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A Feasible and Objective Concept of Optimal Monetary Policy: The Quadratic Loss Function in the Postwar Period


  • Pedro Garcia Duarte


Monetary economists argue that they adopted quadratic loss functions because the latter delivered easy solutions to complex stochastic models. In that narrative, Simon (1956) and Theil (1957) are mentioned by their proofs that models with quadratic objective functions have the certainty equivalence property, which made their solutions feasible for the computers available at that time. Appearing in that narrative are Poole (1970) and Sargent and Wallace (1975), who were among the first to apply the tool to monetary economics. In this article I argue that in addition to offering “solutions feasibility,” the use of a quadratic loss function to characterize the behavior of central banks also inaugurated an objective way of talking about optimality. In this respect, the tool stabilized the discourse on optimal monetary policy.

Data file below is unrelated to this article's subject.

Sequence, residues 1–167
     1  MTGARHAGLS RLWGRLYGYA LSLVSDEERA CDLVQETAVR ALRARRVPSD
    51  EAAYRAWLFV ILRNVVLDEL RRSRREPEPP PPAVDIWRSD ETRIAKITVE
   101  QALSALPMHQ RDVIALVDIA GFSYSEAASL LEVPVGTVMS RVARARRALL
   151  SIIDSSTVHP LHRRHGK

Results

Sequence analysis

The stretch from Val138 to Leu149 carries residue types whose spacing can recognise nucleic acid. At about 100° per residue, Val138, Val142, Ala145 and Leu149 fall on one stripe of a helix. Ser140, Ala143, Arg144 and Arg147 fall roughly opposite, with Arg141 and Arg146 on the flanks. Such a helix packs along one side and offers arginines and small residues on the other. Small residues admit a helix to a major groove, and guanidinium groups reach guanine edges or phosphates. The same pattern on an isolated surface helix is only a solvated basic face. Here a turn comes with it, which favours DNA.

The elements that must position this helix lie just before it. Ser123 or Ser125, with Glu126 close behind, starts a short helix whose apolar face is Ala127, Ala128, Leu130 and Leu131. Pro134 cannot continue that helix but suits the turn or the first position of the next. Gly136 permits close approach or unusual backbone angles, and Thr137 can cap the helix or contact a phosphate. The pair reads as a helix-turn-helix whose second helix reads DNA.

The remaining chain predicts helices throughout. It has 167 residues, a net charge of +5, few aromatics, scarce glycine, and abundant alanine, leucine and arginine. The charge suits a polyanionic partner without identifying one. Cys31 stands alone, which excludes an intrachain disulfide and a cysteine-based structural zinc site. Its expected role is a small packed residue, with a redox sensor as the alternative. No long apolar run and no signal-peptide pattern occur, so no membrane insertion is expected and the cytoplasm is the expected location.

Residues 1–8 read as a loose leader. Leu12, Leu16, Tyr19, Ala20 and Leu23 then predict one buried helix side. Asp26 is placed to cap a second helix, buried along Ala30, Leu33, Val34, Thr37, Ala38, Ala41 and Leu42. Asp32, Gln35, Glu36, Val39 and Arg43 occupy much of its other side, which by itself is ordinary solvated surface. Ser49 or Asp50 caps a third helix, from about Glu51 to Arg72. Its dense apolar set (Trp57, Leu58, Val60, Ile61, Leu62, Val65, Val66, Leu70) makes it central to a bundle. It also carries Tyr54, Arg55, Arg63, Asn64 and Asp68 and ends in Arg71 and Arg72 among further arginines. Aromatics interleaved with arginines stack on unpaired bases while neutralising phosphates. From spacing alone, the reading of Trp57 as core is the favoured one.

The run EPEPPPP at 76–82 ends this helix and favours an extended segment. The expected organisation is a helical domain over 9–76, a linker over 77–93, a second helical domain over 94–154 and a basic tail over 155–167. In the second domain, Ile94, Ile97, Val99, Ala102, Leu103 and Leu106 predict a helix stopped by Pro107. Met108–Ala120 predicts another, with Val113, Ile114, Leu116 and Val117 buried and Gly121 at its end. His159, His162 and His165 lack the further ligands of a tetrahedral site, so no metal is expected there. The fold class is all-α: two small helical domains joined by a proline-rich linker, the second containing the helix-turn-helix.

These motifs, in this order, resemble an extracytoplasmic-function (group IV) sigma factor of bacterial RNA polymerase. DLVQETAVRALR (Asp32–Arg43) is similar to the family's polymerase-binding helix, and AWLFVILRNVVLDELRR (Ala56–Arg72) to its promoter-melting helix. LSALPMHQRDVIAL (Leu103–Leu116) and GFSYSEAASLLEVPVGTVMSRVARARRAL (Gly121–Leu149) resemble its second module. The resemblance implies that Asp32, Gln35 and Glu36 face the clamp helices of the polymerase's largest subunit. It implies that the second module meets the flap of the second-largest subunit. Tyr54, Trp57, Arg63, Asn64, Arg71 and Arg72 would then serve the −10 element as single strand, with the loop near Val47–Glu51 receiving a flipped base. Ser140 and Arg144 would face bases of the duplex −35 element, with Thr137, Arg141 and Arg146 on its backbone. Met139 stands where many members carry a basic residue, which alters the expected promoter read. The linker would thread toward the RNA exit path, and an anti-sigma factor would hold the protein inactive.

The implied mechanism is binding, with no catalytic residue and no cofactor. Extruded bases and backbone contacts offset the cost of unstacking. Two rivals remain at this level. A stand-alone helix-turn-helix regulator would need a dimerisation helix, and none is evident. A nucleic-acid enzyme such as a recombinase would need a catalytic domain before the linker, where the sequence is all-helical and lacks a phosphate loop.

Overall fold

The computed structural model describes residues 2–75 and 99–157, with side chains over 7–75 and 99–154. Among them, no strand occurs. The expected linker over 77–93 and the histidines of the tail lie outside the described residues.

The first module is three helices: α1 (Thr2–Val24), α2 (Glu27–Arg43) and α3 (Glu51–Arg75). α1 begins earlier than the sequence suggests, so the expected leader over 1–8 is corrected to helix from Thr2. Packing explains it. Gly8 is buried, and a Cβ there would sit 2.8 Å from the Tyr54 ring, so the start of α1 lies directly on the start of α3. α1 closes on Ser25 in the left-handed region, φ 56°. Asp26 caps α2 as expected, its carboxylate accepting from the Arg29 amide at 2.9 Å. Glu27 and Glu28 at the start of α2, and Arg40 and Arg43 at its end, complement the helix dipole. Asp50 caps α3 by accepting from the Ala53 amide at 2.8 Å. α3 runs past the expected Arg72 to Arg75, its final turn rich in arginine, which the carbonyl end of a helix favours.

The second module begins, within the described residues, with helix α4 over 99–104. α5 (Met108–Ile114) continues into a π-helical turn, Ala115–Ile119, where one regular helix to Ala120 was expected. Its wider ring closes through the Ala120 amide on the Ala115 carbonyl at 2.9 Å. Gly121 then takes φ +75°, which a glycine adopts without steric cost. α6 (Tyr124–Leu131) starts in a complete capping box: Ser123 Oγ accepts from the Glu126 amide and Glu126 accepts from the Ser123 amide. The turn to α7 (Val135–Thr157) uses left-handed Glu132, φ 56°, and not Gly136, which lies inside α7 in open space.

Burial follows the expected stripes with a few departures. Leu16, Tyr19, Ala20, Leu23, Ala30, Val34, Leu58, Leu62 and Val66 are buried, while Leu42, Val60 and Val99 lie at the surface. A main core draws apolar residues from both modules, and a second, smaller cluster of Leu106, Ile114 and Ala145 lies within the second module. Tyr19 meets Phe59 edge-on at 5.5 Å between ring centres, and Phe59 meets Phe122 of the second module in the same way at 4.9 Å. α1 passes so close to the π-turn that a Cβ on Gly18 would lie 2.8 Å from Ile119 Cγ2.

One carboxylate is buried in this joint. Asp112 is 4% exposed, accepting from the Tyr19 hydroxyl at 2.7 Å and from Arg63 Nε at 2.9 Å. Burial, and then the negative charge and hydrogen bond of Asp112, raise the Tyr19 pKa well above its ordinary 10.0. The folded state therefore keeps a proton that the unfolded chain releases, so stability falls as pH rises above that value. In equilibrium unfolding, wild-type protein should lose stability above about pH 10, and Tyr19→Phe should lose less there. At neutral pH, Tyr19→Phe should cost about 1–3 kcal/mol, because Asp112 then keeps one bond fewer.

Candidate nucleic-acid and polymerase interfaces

Suggested Citation

  • Pedro Garcia Duarte, 2009. "A Feasible and Objective Concept of Optimal Monetary Policy: The Quadratic Loss Function in the Postwar Period," History of Political Economy, Duke University Press, vol. 41(1), pages 1-55, Spring.
  • Handle: RePEc:hop:hopeec:v:41:y:2009:i:1:p:1-55

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    Cited by:

    1. Chatelain, Jean-Bernard & Ralf, Kirsten, 2017. "Can we Identify the Fed's Preferences?," EconStor Preprints 149993, ZBW - German National Library of Economics.
    2. Pedro Garcia Duarte, 2011. "Recent Developments in Macroeconomics: The DSGE Approach to Business Cycles in Perspective," Chapters,in: The Elgar Companion to Recent Economic Methodology, chapter 16 Edward Elgar Publishing.
    3. Judy L Klein, 2015. "The Cold War Hot House for Modeling Strategies at the Carnegie Institute of Technology," Working Papers Series 19, Institute for New Economic Thinking.

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    quadratic loss function;


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